Samsung Wants To Build Apple's Chips Again

According to industry sources, Samsung is "seeking to win back orders from Apple in 2019" with its own upcoming 7-nanometer manufacturing technology, called 7LPP. 

3D-printed Samsung and Apple logos are seen in this picture illustration made in Zenica, Bosnia and Herzegovina, on Jan. 26, 2016. Photo: REUTERS/Dado Ruvic

By Ashraf Eassa, Motley Fool

In 2014, chip tear-down reports revealed that Apple's (NASDAQ:AAPL) then-new A8 applications processor was manufactured exclusively by Taiwan Semiconductor Manufacturing Company (NYSE:TSM). This was something of a surprise to many because TSMC's main rival in chip manufacturing,  Samsung (NASDAQOTH:SSNLF), had been the exclusive manufacturer of Apple's A-series chips for several generations.

[post_ads]With the A9 applications processor, Apple split the orders between TSMC and Samsung, but the A10 Fusion and A11 Bionic were both built solely by TSMC. Moreover, Apple's upcoming  A12 processor, which should power the trio of iPhones Apple is expected to launch this fall, is expected to, yet again, be manufactured only by TSMC using its 7-nanometer technology.

According to a new report from DIGITIMES, which cites industry sources, Samsung is "seeking to win back orders from Apple in 2019" with its own upcoming 7-nanometer manufacturing technology, called 7LPP.

Let's take a closer look at what DIGITIMES had to say, then I'll offer my thoughts on what's likely to happen.

Samsung's risky bet

TSMC's 7-nanometer technology uses traditional immersion lithography tools, so as long as TSMC can come up with a good manufacturing recipe using these proven tools, there's little risk of any show-stoppers for potential customers looking to use TSMC's initial 7-nanometer technology.

In fact, TSMC says the technology is in mass production right now, so the risk that the technology won't work is zero.

Samsung's 7LPP technology, on the other hand, relies on a new type of lithography known as extreme ultraviolet, or EUV, lithography. The upside to EUV, assuming the tools for it are ready, is that it can lead to a simplification in the manufacturing process compared to traditional immersion lithography. The downside is that it's not clear if the technology is ready for prime time yet.

According to microprocessor analyst David Kanter, EUV is "definitely not HVM ready" — "HVM" is an acronym that stands for "high volume manufacturing."

DIGITIMES seems to echo that sentiment, saying, "industry watchers said that the EUV 7nm process involves yield-rate issues and quality risks." The report goes on to say that although Samsung has reduced its contract chip manufacturing price quotes by 20% "to attract orders" from major companies like Apple, Samsung has seen "little response from them, probably due to the risks involved."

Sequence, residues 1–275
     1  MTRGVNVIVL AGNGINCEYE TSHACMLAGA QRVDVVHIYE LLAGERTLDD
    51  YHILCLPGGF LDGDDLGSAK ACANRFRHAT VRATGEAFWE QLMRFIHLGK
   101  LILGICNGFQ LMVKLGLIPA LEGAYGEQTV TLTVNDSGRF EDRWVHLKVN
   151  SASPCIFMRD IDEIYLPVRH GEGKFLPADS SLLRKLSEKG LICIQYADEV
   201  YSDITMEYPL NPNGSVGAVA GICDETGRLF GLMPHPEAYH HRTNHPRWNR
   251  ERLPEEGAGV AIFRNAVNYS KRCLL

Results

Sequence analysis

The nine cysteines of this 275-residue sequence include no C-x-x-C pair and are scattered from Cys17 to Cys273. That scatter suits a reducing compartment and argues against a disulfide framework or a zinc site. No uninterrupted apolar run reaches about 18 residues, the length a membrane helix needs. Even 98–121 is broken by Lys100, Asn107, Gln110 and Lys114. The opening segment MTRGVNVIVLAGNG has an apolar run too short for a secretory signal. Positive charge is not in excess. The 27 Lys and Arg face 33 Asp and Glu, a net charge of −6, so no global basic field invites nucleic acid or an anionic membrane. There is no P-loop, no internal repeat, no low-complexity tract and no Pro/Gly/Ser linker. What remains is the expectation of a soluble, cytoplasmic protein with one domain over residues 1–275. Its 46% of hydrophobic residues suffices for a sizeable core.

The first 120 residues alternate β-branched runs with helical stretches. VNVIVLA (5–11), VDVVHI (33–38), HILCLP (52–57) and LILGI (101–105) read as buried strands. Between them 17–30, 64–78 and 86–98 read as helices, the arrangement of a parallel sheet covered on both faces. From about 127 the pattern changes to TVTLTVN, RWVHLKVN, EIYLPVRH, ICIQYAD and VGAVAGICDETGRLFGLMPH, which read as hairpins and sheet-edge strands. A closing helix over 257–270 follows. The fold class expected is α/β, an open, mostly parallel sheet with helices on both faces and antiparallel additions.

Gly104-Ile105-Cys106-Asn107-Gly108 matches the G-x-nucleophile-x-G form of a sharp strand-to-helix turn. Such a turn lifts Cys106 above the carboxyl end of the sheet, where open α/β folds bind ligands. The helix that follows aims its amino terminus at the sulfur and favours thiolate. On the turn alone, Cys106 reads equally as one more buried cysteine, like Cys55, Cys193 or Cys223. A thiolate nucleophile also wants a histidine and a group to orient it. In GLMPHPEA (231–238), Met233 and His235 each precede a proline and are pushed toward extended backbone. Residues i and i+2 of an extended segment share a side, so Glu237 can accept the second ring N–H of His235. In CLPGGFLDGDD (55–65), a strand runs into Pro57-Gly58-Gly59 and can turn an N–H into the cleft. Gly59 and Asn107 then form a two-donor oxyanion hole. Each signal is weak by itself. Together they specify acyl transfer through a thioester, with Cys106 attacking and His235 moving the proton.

In other words, potential customers don't seem to think that (presumably) more aggressive pricing on Samsung's part is enticing enough to get them to bet their businesses on Samsung's relatively risky 7LPP manufacturing technology.

This makes perfect sense

Ultimately, the companies that contract out the manufacturing of their chips want to be sure that when it comes time to ramp the chips they need into mass production, there won't be any show-stoppers. If the chips they need can't be manufactured in the quantities required on time, then those contract chip manufacturing customers' businesses could be in huge trouble.

They could suffer from supply bottlenecks, leading to their own customers being displeased with them and causing a near-term revenue shortfall. Moreover, the cost structures on the chips that do get manufactured could be unreasonably high if the yield rates on the technology are too low (although more powerful customers could conceivably force the contract manufacturer to eat those costs, in that case).

In effect, it's crucial for chip design companies to sign on with contract chip manufacturers they can trust to deliver the chips they need at an acceptable cost structure in the right volumes and on time.

TSMC clearly took a less risky path with its 7-nanometer technology than Samsung did, and I think that because TSMC's 7-nanometer technology is in mass production now, while Samsung's is expected to go into production sometime later this year (if Samsung actually hits its arguably aggressive schedule), potential customers are going to think twice before abandoning TSMC in favor of Samsung — even if they could, in theory, save a little bit of money by doing so.

Investor takeaway

Ultimately, I don't think Samsung will be able to wrest away even a portion of Apple's chip orders from TSMC. TSMC has been a trustworthy supplier of Apple's that has met Apple's demanding product introduction timelines for years now, and it seems to be making technical decisions that are sensible and as minimally risky as possible.

My guess is that Apple will want to keep its relationship with TSMC strong given TSMC's track record, and I'm confident that TSMC won't want to lose Apple's business, either, so I don't expect TSMC to go nuts in taking advantage of its leadership position in chip manufacturing by trying to charge Apple too much.

Ashraf Eassa has no position in any of the stocks mentioned. The Motley Fool owns shares of and recommends Apple. The Motley Fool has the following options: long January 2020 $150 calls on Apple and short January 2020 $155 calls on Apple. The Motley Fool has a disclosure policy.


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Business News: Samsung Wants To Build Apple's Chips Again
Samsung Wants To Build Apple's Chips Again
According to industry sources, Samsung is "seeking to win back orders from Apple in 2019" with its own upcoming 7-nanometer manufacturing technology, called 7LPP.
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